MG has ceased production of cars at its Longbridge plant, five years after the brand started producing cars there once more.
Production now takes place in China, ending MG's UK-based finishing production. The move has been under consideration for as long as two years, according to MG's head of sales and marketing, Matthew Cheyne.
Cheyne explained that there were many reasons for the relocation, but the main reason for the decision was MG looking to streamline its production process because its UK plant's production output could not compete with its larger, more modern facilities in China.
"Small volumes aren’t economically viable at a site of Longbridge's size. Elsewhere in the world we have state-of-the-art facilities, so it's more cost-effective to import and build them elsewhere. There was no efficient way to carry on doing it in the UK.," Cheyne explained.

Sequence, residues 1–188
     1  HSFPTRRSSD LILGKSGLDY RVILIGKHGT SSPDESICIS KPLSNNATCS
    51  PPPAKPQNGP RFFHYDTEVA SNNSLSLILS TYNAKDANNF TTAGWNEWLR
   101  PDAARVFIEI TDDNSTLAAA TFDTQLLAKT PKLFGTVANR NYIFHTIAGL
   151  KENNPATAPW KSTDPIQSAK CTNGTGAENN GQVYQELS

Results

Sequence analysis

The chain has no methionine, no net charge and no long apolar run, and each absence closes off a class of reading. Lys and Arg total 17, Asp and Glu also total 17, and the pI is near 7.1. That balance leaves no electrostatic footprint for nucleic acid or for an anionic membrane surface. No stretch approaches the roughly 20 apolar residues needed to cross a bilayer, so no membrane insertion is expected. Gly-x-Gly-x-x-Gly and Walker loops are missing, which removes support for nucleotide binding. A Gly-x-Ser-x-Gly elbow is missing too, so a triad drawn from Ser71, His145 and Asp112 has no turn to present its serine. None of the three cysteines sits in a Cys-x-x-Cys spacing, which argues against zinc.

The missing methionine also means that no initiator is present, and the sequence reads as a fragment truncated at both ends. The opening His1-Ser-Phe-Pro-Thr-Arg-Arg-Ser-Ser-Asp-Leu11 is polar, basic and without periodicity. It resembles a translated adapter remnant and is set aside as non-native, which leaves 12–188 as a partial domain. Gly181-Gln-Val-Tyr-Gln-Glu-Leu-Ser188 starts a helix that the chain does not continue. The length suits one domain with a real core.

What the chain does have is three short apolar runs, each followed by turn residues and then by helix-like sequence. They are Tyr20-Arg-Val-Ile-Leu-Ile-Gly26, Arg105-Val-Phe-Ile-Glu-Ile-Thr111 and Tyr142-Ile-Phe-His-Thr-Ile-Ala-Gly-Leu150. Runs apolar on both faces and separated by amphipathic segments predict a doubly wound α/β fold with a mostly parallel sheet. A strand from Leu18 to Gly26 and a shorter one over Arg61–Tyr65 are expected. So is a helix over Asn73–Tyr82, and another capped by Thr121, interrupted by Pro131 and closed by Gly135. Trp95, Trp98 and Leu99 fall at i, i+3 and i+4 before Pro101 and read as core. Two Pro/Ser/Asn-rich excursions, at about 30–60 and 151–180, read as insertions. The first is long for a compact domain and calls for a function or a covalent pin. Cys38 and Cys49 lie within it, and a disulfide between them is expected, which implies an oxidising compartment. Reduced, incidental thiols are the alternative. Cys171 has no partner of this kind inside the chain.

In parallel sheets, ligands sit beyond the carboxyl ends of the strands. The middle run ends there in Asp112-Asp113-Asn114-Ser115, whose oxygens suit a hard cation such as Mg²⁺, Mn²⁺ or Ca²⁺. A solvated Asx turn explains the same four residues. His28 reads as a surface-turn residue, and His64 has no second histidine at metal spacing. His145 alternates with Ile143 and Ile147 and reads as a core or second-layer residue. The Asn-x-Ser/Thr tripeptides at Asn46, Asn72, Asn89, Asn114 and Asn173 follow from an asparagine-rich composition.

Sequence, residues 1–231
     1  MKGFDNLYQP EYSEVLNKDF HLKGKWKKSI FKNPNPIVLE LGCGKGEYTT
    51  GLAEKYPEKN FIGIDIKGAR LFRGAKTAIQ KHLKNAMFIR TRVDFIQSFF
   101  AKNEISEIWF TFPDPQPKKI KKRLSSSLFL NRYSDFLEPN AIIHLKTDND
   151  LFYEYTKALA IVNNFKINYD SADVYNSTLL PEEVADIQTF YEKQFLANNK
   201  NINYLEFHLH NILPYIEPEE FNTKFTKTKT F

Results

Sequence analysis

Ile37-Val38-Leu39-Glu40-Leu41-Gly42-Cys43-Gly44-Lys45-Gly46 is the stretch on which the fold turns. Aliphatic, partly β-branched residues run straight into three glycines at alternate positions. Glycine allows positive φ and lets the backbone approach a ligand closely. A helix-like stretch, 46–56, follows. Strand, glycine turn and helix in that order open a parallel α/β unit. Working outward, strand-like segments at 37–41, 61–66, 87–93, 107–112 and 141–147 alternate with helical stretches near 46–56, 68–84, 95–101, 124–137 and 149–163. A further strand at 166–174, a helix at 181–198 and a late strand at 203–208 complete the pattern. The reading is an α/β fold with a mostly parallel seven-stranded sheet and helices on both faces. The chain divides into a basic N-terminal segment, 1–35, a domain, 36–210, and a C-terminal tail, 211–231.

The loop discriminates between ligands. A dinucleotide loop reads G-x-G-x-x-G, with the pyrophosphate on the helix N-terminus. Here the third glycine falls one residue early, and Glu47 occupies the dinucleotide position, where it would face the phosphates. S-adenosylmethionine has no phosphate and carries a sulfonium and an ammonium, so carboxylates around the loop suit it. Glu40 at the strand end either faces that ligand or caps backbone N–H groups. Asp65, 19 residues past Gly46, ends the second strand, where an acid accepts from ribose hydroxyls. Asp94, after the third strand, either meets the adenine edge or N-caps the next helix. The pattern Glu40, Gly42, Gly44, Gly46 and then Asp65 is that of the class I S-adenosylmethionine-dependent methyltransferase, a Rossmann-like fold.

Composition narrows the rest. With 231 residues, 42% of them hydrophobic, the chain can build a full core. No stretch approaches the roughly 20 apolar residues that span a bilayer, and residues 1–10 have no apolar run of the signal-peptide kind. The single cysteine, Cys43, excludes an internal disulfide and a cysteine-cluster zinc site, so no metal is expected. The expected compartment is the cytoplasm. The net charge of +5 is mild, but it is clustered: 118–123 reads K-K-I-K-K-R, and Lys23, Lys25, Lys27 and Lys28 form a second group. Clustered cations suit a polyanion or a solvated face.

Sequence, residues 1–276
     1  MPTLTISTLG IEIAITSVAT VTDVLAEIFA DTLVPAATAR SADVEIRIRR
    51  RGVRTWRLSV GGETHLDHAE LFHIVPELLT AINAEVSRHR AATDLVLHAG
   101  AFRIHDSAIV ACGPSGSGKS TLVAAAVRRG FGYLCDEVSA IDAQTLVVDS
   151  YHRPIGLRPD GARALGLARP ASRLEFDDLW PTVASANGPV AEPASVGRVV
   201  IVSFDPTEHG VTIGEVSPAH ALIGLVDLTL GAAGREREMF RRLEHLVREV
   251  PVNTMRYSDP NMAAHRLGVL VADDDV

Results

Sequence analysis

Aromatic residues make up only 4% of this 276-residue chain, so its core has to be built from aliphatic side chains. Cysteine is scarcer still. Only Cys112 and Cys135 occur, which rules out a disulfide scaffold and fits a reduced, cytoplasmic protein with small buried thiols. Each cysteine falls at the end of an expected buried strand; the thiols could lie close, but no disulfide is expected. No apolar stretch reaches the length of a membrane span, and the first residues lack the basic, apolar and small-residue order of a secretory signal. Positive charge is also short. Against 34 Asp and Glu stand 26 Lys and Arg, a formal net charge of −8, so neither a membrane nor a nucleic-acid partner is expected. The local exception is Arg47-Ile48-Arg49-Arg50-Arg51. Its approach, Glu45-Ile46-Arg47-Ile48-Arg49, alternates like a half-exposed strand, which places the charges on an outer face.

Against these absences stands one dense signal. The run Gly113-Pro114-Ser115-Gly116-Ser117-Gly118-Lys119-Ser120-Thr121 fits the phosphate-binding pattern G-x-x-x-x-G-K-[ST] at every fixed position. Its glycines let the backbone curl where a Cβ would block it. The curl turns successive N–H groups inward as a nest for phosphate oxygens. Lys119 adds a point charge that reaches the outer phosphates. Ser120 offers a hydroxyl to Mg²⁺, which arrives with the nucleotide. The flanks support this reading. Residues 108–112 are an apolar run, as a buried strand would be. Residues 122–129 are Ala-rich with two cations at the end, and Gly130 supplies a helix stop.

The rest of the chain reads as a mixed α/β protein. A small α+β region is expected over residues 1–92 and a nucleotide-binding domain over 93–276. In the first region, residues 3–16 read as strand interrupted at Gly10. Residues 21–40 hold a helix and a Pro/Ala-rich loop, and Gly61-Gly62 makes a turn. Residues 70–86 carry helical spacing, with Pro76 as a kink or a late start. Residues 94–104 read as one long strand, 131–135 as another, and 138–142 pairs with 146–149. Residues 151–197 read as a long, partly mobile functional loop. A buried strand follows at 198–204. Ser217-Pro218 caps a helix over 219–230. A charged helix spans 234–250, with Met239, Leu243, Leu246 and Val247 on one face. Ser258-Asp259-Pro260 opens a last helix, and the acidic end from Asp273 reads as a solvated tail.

Despite the loss of 25 jobs at the Longbridge plant, the MG facility will still continue to employ more than 300 people, with new recruits having been taken on in other areas of business. MG's development of its model range will continue to be UK-based though, as Cheyne revealed the company's investment in a new £1.2million test-bed for new models. Sales, marketing and aftersales are also here to stay.
The move away from UK production is also partially due to the UK's vote to leave the European Union, according to Cheyne. He explained that since the value of the pound dropped following the Brexit vote, the cost to MG of producing its product range rose, rendering the production operations in the UK no longer cost-effective.